Can Wintergreen Mask Odours from Compost Piles? II
Answered by: Conrad Richter
Question from: Justin
Posted on: May 28, 2007

Thank you for your answer.

Please tell me if the plants themselves have enough scent to cover the smell of a compost heap or other malodorous things? The scent, in my experience, is only from where it has been extracted and used in something else, so I have no idea if the plant itself gives off an noticeable fragrance, or, if it does give off some, how strong/potent it is. Could it be compared with something with a strong scent like say, stargazer lilies, or hyacinth? As you are probably well aware, some plants have scents that are only derived from brewing them, like mint which unless you break the leaf is hardly noticed. My primary interest is in whether it will cover bad smells as a plant, and not merely as a concentrated extract sprayed on to something.

Plants with scented leaves or berries have essential oils that are only released when the leaves are crushed or bruised. Sometimes these plants will release their oils on hot sunny days, but usually its not enough to really notice unless the plants are damaged in some way. These scents are entirely different from the scents emitted by flowers. In the case of the flowers the plants want to release the scents because they want to attract pollinators. In the case of scented foliage the plants do not want to release unless it is damaged because in this latter case the oils are a form a chemical protection from pests: once a pest starts eating the leaves the oils are released and the pests are repelled.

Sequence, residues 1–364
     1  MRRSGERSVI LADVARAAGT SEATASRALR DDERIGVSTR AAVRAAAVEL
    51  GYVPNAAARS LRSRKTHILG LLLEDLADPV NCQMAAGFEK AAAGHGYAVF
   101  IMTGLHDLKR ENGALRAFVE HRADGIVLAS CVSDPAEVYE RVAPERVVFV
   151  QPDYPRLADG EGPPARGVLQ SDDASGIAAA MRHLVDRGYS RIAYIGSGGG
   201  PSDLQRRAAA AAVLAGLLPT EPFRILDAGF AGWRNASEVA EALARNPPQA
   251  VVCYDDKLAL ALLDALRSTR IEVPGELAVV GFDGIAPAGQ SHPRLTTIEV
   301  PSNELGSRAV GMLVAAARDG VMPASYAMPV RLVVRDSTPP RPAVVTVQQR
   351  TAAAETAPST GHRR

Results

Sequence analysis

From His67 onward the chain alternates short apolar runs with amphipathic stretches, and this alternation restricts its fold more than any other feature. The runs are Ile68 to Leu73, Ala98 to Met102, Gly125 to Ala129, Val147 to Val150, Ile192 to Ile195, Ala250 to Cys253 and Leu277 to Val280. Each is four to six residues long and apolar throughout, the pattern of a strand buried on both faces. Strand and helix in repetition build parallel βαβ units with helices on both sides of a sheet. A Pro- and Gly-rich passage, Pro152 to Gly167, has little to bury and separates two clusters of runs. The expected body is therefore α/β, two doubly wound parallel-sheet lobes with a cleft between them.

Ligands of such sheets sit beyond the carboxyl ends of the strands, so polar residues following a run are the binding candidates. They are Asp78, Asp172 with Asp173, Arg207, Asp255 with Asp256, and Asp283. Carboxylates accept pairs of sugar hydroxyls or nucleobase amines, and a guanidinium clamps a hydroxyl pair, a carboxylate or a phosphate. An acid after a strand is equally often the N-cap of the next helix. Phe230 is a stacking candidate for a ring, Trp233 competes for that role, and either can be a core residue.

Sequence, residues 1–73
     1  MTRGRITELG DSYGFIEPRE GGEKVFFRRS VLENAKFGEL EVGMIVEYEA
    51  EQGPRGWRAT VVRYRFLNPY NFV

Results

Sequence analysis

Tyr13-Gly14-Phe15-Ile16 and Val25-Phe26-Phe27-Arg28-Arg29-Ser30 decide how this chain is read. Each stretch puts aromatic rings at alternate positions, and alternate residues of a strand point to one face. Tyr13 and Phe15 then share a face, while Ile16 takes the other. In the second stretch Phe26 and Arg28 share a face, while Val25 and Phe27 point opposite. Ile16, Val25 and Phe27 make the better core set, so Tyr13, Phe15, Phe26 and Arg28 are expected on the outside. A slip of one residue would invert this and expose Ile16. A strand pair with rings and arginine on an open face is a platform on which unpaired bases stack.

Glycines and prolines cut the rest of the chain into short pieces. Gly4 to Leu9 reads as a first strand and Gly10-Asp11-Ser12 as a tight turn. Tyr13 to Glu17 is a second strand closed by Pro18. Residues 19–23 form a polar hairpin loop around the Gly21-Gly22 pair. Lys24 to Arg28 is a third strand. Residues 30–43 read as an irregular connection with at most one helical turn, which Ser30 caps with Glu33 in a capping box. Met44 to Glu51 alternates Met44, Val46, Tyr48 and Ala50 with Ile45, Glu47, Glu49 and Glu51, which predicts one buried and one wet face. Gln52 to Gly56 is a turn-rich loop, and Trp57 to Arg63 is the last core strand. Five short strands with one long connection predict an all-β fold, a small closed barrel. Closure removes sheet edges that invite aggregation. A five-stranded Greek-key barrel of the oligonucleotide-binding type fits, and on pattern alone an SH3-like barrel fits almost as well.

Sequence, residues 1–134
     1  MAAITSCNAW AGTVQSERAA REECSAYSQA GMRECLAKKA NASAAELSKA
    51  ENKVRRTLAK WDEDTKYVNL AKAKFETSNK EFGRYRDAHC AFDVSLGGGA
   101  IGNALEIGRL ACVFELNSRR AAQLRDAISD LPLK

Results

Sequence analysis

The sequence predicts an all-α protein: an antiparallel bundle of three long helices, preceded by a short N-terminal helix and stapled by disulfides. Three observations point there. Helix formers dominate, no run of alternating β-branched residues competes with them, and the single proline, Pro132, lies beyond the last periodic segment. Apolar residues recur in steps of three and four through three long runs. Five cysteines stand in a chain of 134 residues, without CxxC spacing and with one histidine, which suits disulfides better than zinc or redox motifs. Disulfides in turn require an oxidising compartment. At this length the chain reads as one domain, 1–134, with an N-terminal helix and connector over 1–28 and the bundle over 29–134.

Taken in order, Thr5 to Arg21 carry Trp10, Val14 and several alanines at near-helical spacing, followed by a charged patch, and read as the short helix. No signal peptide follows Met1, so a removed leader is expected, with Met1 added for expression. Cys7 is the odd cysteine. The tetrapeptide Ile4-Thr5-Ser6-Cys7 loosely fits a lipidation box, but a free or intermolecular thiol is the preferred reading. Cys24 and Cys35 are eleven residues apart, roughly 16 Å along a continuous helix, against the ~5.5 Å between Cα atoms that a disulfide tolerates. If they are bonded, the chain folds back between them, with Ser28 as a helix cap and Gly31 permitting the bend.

So, wintergreen would not work for you. Besides wintergreen is a relatively slow growing plant and you probably need a faster growing plant that can spread as the compost pile grows or shrinks. Also wintergreen needs acidic soil and that’s hard to fit in with a composting environment.

Would this plant grow readily in southern, coastal British Columbia? Is it quick spreading, or slow?

Wintergreen should grow well in much of British Columbia provided that soil is acidic. As mnetioned above, it is relatively slow growing; certainly it is much slower than creeping thyme, for example.

Looking forward to hearing back from you, and thank you for the information you have already provided.

Back to Aromatic and Other Herbs and Their Uses | Q & A Index

Copyright © 1997-2014 Otto Richter and Sons Limited. All rights reserved.